As Iran, Syria crises heat up, N. Korean missile exports boom
WASHINGTON — North Korea stands to be a major winner if Israeli hotheads lose patience and drive Israel into attacking Iranian nuclear facilities.
With Iran said in some quarters to be only months away from emerging as the world’s 10th nuclear weapons power, North Korea reportedly is producing more middle-range missiles for export for Iran’s defense in the event of a Middle East war that would make the conflicts in Iraq and Afghanistan look like brush fires.
North Korea also is producing more missiles for export to Syria, whose embattled regime has the support of Iran and would be a major Iranian ally in the event of a shooting conflict between Israel and Iran.
It’s against that background that James Clapper, the U.S. Director of National Intelligence, warned that North Korea, ostensibly under new “supreme leader” Kim Jong-Un, would carry on business as usual when it came to exporting missiles, for years one of the North’s biggest-selling export products.
Clapper, at a congressional hearing, specifically cited Iran and Syria as two markets for North Korean missiles and supporting material.
North Korean missile exports are believed to have shrunk over the past year as revolt in Arab countries that were once major clients has reduced the number of potential markets.
Another problem for the North is how to ship the missiles, or their components, against the threat of blockage of such shipments by nations banded together in the Proliferation Security Initiative under which countries can block shipments.
North Korean vessels have been turned back in a couple of highly publicized incidents, but many more are believed to have finished the long journey. North Korea is also believed to have shipped missiles and other sophisticated weapons via its only real ally, China.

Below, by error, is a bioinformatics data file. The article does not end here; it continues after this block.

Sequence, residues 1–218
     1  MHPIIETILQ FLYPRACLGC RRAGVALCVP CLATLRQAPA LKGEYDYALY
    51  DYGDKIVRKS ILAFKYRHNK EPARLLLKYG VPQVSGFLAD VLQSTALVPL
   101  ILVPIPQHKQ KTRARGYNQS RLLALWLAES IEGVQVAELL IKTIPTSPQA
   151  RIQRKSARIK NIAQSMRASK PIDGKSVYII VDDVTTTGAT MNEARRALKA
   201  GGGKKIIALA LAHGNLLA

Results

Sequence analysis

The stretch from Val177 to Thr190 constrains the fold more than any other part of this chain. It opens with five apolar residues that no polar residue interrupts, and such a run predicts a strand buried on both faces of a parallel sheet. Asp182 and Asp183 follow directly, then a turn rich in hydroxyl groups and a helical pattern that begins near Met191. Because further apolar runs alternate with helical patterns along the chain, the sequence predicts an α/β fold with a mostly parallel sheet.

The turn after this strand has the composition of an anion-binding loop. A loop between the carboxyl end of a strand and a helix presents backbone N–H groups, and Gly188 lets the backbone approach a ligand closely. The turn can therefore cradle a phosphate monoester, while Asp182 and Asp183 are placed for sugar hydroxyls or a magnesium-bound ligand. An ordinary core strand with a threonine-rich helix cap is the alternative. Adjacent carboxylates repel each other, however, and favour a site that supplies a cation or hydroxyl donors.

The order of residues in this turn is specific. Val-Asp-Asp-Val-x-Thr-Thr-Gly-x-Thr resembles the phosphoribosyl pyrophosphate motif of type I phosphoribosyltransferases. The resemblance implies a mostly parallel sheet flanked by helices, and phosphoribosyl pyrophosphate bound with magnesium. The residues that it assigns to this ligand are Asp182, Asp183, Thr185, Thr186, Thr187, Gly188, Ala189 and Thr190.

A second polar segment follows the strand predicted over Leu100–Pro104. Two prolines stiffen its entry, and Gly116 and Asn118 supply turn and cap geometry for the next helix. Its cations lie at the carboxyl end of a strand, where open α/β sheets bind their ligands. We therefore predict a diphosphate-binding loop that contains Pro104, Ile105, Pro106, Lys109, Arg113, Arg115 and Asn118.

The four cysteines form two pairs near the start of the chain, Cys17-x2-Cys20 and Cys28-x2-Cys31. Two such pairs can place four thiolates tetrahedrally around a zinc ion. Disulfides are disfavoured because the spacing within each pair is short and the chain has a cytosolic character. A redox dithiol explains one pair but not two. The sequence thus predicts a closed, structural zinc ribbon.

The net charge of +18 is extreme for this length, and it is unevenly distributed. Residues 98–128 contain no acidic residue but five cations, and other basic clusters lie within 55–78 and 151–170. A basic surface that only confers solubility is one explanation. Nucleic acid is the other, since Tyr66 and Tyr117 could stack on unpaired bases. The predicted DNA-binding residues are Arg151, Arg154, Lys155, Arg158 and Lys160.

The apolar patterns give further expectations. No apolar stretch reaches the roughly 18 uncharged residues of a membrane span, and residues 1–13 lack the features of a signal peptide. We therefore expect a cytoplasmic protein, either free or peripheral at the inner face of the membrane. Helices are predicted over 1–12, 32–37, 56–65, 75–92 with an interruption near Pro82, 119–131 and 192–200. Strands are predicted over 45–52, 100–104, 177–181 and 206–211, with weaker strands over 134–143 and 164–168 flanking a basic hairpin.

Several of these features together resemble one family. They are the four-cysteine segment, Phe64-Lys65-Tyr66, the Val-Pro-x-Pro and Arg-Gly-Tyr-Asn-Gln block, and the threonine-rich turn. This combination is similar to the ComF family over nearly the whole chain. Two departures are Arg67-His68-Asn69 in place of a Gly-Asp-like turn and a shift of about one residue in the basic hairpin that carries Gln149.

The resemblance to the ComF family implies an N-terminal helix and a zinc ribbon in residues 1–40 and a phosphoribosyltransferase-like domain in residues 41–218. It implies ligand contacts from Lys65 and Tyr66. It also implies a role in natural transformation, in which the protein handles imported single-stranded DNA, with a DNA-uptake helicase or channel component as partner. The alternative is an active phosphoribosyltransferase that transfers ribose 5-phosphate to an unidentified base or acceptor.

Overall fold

Analysts for years have suspected China of opening up its air space to North Korean planes with military cargoes on board — a claim that China has denied.
The prospect of broadening sales of missiles to long-time clients Iran and Syria, however, is just one way in which North Korea would benefit from war in the Middle East.
With U.S. forces inevitably drawn into conflict there, the North could be sure the U.S. would not want to take any chances on risking a second Korean war and might want to transfer a major portion of the 28,500 U.S. troops still left in the South to the Middle East.
At the same time, Kim Jong-Un has been visiting military units, giving a sense that he identifies with the troops while also trying to show he’s really in charge and wants to learn much more than his father was able to teach him in the last two years before Kim Jong-Il’s death was announced on December 19.
The appearance of the pudgy Jong-Un, straining at the seams of a dark blue suit designed to make him look all the more like his grandfather, the late Kim Il-Sung, definitely shows his commitment to songun, the “military first” policy propounded by Kim Jong-Il in his strongest role — that of chairman of the National Defense Commission.
Kim Jong-Un’s aging handlers, believed to be led by Jang Song-Thaek, the husband of his father’s sister, seem anxious to demonstrate the continuity of songun but also to remain open for dialogue — on their terms. The sense is growing that North Korea might be open somehow to resuming six-party talks on its nuclear program, last held more than three years ago, or even to an exchange with South Korea.